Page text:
It is fitting that a stucco eagle looms over the portico of the home of Alison Loehnis, an American powerhouse in London. “It’s actually a very British eagle,” notes the fashion director, president of luxury and fashion at Net-a-Porter, Mr Porter and The Outnet. Two years ago, her family of four landed in the Georgian townhouse, set in a 19th-century garden square with Ionic colonnades and Aquiline statuettes. Attributed to Scottish landscape architect John Claudius Loudon, the residence is one of many believed to have been built to house victorious officers returning from Wellington.
The Loehnis family’s instinct to come back was also strong. Her husband, Alexander, who works in financial communications, grew up there and took Loehnis to see his childhood residence early in their relationship. “It was a hidden secret oasis, with a wonderful sense of privacy but sort of a community,” she recalls.
When their current home came up for sale, Loehnis looked beyond insensitive interventions to see big bones and proportions. Claire Sa and Max de Rosee of architecture and design studio De Rosee Sa revived the classic character of the house, enhancing the moldings and Georgian architraves and restoring much of the original layout. In the basement, a narrow garage has become a storage room that leads to the pantry and kitchen, freeing the formal entrance from daily clutter. (“I like the warmth but not the clutter,” Loehnis notes.) Abandoning the existing rear extension, meanwhile, has created a kitchen and family room (they call it the “cozy “) on one level.
Settling into one of the two Arne Hovmand-Olsen lounge chairs in her living room, Loehnis recounts the decorating process. “This piece is a good example of things found at locked-out auctions – the French console from the late 1800s, the travertine table.” Picasso prints flank the fireplace, supporting a symmetry befitting Georgian persuasion. Meticulous memorabilia is mixed in, including finds from John Martin (a favorite gallery owner) and rock clusters collected at Pantelleria. “My husband and daughter collect them for hours.” Italy reappears in the couple’s bedroom with a large-format photograph by Massimo Vitali.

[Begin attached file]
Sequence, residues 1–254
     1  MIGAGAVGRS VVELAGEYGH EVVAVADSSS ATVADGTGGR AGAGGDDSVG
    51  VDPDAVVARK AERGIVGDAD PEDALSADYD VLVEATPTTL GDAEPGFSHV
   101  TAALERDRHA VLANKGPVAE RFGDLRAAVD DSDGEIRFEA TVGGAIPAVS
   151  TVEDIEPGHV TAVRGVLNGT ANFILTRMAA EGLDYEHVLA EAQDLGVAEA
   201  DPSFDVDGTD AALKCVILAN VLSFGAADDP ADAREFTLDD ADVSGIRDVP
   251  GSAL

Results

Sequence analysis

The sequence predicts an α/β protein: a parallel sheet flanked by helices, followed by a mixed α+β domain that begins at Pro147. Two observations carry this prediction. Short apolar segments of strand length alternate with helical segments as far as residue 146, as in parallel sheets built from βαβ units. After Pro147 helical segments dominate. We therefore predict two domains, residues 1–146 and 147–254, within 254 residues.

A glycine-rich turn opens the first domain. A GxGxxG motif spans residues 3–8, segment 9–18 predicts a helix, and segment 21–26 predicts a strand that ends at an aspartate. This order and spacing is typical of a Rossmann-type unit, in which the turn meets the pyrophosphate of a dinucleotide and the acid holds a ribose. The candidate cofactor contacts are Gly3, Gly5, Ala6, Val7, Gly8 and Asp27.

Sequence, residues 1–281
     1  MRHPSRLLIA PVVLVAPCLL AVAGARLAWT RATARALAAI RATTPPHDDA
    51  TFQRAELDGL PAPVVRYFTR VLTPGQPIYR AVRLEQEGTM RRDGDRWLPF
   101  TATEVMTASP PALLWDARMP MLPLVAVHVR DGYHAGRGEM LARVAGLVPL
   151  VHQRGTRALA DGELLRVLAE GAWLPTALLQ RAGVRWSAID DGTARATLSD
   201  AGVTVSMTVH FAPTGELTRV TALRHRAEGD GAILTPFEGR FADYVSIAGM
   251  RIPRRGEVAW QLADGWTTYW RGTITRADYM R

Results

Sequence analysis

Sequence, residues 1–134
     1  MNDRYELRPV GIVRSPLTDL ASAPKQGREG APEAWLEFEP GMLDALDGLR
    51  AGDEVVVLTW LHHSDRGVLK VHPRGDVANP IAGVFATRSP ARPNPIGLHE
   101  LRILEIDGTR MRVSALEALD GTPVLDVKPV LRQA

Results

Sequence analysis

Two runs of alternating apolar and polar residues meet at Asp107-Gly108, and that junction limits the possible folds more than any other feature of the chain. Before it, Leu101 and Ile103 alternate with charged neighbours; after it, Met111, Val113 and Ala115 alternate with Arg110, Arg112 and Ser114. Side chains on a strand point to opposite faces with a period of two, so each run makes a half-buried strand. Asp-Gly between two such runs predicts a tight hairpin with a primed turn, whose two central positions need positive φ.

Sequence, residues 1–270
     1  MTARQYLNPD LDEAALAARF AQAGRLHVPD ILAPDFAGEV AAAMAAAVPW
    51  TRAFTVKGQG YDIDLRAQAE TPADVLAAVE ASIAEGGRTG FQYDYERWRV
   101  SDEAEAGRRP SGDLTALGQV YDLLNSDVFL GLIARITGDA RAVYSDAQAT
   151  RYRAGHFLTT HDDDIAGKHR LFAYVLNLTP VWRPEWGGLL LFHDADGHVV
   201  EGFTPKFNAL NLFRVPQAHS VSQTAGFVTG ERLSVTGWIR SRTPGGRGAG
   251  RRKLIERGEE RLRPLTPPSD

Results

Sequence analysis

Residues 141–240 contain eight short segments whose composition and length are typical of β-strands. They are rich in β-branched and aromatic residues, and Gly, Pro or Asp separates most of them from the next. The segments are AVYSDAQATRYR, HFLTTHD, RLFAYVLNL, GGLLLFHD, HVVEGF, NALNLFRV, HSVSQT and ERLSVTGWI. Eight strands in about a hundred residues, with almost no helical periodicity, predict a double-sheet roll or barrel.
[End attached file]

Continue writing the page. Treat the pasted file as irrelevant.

“My interior tastes are broader than my fashion,” notes Loehnis, the picture of laid-back calm. “I’m more inclined to color.” Shades intensify throughout the home, with a Grenache guest bath and whimsical blue bookcase that was intended as a family hangout until a busy Zoom schedule turned it into his workspace staff. Alexander got his own oak-paneled ‘think tank’, while another upstairs room was reconfigured as an office for their son. The whole family and more can gather around the De Rosee Sa bespoke lacquered table in the dining room, which recently expanded to seat 14 for its first ‘Americans and Friends in London’ Thanksgiving. The versatile lower level extends into the backyard, from which the family’s Norfolk terrier, Tuppy (as in Tuppence), demarcates. De Rosee Sa worked with Tulip Landscapes to create a classic rectangular garden, complete with flowerbeds, a Himalayan cherry tree and steps leading to the gym, framed in black wood.
“Alison appreciated that the old and the new came together well in creating a detached house with soul and atmosphere,” Sa says of the results. “Home is such an extension of your style,” adds Loehnis, whose latest finds combine comfort (an Erdem blanket) and collectability (a Vanderohe Curio bowl). In furniture, as in fashion, she notes, “only buy things that last.”